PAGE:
C. Wright Mills, an American sociologist, once said, “Neither the life of an individual nor the history of a society can be understood without understanding both.” He meant that we cannot separate ourselves from our historical context because it’s the root of our being – and individuals and their histories are the foundation of a society’s history. We are the direct result of the history of Fayette County and Fayette County is a result of all the people before us who worked to build its history – and build us. To me, this seems like an elegant way to say that we should value our local history because it is an intrinsic part of our identity today.
Building an endowment is a sure way of having an impact on our future history, but I wanted to also share with you things we’re already accomplishing thanks to the folks before us who made their mark. It’s my hope that this information inspires you to think of ways you can help our community or simply pique your interest in the important work people are doing to preserve our history. For three organizations, we were able to disburse small grants to assist them with projects that benefit the preservation of our local history.
The Fayette County Cemetery Commission is using their grant funds to purchase a ground penetrating radar device to locate and preserve unmarked graves. Our county has over 100 known pioneer cemeteries, as well as dozens of small family plots that have been “lost” over time. Their goal is to use this technology to locate these missing graves and map the cemeteries. This will assist local families in understanding their family trees and record the location of the graves so that any future development in Fayette County can be planned to avoid disrupting them. The Cemetery Commission does plan on hosting demonstrations, so be sure to look out for opportunities to watch them put this important technology to good use.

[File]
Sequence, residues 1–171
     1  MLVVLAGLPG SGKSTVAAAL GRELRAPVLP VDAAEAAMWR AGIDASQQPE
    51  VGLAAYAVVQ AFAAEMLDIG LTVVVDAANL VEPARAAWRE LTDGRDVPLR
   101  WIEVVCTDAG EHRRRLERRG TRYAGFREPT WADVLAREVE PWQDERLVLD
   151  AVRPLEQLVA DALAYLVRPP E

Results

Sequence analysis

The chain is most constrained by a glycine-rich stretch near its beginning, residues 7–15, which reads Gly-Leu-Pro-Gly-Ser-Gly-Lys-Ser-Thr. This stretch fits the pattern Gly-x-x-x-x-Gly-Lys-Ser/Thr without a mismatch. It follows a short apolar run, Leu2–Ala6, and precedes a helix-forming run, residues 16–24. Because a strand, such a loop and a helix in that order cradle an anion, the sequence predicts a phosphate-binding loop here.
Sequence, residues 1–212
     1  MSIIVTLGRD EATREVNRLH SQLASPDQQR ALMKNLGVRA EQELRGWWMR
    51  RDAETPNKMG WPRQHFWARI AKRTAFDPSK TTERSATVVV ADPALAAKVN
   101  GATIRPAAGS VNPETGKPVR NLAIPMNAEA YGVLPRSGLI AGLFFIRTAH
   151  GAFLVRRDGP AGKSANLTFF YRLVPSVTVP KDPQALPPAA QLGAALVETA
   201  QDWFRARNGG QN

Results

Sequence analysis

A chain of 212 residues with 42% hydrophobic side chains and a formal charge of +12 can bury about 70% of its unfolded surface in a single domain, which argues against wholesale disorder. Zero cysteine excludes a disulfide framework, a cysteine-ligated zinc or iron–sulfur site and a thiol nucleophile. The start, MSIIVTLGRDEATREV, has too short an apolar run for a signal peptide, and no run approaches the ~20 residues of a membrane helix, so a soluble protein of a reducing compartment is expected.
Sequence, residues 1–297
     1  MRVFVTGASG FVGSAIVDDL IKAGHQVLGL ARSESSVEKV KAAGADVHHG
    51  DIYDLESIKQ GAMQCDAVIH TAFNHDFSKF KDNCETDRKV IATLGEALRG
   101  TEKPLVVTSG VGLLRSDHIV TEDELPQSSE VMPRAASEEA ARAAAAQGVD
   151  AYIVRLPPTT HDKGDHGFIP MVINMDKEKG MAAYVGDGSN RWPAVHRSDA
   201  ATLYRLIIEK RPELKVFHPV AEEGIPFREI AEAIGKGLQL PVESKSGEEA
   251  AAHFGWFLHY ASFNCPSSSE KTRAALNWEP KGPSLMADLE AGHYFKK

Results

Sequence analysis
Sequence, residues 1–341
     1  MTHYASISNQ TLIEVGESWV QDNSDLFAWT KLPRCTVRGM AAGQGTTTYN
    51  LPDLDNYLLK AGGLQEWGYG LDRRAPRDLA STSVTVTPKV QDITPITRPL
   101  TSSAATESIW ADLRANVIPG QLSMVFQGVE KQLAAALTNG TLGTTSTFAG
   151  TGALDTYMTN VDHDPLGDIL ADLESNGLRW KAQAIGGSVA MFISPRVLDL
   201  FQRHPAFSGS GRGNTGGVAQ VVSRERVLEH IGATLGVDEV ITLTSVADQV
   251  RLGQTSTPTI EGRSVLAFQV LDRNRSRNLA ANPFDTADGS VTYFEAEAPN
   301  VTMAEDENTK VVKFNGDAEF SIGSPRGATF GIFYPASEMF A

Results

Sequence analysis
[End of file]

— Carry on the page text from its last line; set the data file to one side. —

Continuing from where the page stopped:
Historic Connersville, Inc., is also doing important work to preserve our history and serve community residents. Their grant funds will be used to digitize their archives. Our historical documents and records are fragile, and it is difficult to search everything manually. The goal is to record these files, protect the original documents, and preserve a copy of these archives in a lockbox in case of emergency. Their work will provide access to more historians and families looking to complete their genealogy charts and uncover forgotten parts of our history.
The Whitewater Valley Railroad used their grant funds to install a brick platform at their Rushville Depot museum on the West and South side of the Depot. What makes this extra special is that the bricks the railroad used for their project came from the renovation to our courthouse annex. This new addition will provide a safe, attractive area for visitors, which will help them in their mission to preserve our local history and educate the public on our railroad history.
I’m excited by these three endeavors because they’re tied to the land, the people, and the story of Fayette County. Knowing our history helps us know who we are now and, to me, that sounds like an excellent way to serve the community. If you’re not personally interested in history, these projects are just three of many that the Fayette Community Foundation has the pleasure of supporting through our generous donors. There is something for everyone and you’re encouraged to get involved in the service area that fits your values. You may find an area of the community you wish to support in arts and cultural development, community enhancement, economic development, public safety, elderly services, children and youth services, family services, community education, and collaborative school projects. You can make your mark on our history while it’s being written right now.
My goal is to make supporting your community more accessible so that current generations can get involved sooner in life and make a big impact. If you’re interested in learning more about what we do, the service opportunities available, or how you and your family can support Fayette County through an endowment, call me at (765) 827-9966 or email email@example.com.